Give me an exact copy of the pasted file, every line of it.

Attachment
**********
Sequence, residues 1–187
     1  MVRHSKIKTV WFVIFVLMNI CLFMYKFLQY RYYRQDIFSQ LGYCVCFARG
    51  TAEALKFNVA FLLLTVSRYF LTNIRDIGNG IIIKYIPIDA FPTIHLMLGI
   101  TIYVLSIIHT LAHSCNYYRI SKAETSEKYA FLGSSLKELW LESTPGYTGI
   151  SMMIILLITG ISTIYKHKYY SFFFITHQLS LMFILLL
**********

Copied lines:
Sequence, residues 1–187
     1  MVRHSKIKTV WFVIFVLMNI CLFMYKFLQY RYYRQDIFSQ LGYCVCFARG
    51  TAEALKFNVA FLLLTVSRYF LTNIRDIGNG IIIKYIPIDA FPTIHLMLGI
   101  TIYVLSIIHT LAHSCNYYRI SKAETSEKYA FLGSSLKELW LESTPGYTGI
   151  SMMIILLITG ISTIYKHKYY SFFFITHQLS LMFILLL